Author: Tom Angleberger an Cece Bell
Genre: Mystery/beginning chapter book
Similar books: Geronimo Stilton
The Ghost and Max Monroe by L.M. Falcone
|a quirky introduction to the idea of a mystery|
Summary(provided by publisher): From husband-and-wife team Tom Angleberger, creator of the New York Times bestselling Origami Yoda series, and Cece Bell, author/illustrator of the Newbery Honor graphic novel El Deafo, comes the start to a funny and clever illustrated chapter-book series about a mystery-solving Venus flytrap. With easy-to-read language and illustrations on almost every page, this early-chapter-book series is a must for beginning readers.
Inspector Flytrap in the Da Vinci Cold introduces kids to the humorous and wacky world of Inspector Flytrap's Detective Agency, home to the world-renowned solver of BIG DEAL mysteries. The plant detective works tirelessly with his assistant Nina the Goat on his community's unsolved cases. There's no case too big, but there are definitely cases too small for this endearingly self-important plant detective.
Celebrating the disabled yet enabled, the character of Inspector Flytrap is wheeled everywhere (on a skateboard, of course) by his goat sidekick as this mystery-solving duo works on cases such as “The Big Deal Mystery of the Stinky Cookies” and “The Big Deal Mystery of the Missing Rose.”
On his first caper, Inspector Flytrap heads to the Art Museum's Secret Lab to discover what important message lies in a mysterious glob on a recently discovered Da Vinci flower painting. The ingenious solution: Da Vinci was allergic to flowers, and the glob is, er, evidence of that ancient sneeze.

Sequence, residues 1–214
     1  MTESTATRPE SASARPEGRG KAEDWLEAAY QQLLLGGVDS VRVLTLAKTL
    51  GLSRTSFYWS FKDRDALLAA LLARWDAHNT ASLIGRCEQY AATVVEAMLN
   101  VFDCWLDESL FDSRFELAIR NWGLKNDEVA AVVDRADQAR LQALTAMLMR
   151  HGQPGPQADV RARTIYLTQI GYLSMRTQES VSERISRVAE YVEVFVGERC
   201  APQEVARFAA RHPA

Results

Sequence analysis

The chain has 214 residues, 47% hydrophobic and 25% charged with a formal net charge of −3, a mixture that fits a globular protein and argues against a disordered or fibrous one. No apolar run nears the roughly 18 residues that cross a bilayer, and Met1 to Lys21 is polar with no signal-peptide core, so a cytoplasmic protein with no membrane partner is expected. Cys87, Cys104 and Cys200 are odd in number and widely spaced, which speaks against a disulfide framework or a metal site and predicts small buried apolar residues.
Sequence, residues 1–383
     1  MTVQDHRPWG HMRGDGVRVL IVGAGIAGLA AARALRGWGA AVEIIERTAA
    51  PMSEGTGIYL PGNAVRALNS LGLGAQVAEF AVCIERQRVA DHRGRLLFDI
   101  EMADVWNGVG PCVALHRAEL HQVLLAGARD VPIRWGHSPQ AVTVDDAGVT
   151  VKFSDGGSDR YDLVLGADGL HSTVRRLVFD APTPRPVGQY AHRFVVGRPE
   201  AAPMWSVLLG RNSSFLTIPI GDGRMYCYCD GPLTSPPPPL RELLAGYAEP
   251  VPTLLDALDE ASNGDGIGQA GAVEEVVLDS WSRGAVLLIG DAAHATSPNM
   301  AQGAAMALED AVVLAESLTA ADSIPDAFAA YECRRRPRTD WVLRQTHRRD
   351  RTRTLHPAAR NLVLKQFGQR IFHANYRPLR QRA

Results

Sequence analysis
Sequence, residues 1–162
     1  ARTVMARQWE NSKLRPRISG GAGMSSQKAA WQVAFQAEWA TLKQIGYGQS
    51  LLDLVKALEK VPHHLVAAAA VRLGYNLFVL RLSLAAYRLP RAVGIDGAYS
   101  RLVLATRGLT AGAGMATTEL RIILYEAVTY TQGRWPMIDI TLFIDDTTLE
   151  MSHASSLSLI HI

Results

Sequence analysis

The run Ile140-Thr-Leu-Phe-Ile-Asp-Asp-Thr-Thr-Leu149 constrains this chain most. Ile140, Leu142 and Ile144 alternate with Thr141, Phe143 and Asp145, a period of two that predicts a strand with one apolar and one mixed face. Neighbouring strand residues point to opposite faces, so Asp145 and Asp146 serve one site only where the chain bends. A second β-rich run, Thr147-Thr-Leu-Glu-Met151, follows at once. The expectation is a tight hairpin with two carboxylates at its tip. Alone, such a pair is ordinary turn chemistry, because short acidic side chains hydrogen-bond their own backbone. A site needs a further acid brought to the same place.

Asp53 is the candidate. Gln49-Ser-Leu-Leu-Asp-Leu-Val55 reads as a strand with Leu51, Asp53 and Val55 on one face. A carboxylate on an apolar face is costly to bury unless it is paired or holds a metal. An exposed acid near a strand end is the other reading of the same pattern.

Combining wacky humor and a silly cast of characters with adventure, friendship, and mystery, the powerhouse team of Tom Angleberger and Cece Bell have created a uniquely engaging series that is perfect for newly independent readers and fans of Ricky Ricotta, Captain Underpants, and the Galaxy Zack series. Also included in these books are some graphic novel–style pages that will attract reluctant readers.
My opinion: A plant that solves mysteries is, admittedly, an odd concept for a book, especially once you add in the talking-goat assistant. It's an idea that most of us would not come up with in a hundred years. Angleberger and Bell make it work, though. The plots are simple and surprisingly logical. By breaking the book up into several short mysteries it is easily handled by young readers and would also work well as a read-aloud in the classroom to fill in short amounts of extra time. Most importantly, it's funny and the humor holds up to repeat reads. I look forward to seeing how this series develops.
More information: Inspector Flytrap releases August 2.
Advanced reader copy provided by NetGalley.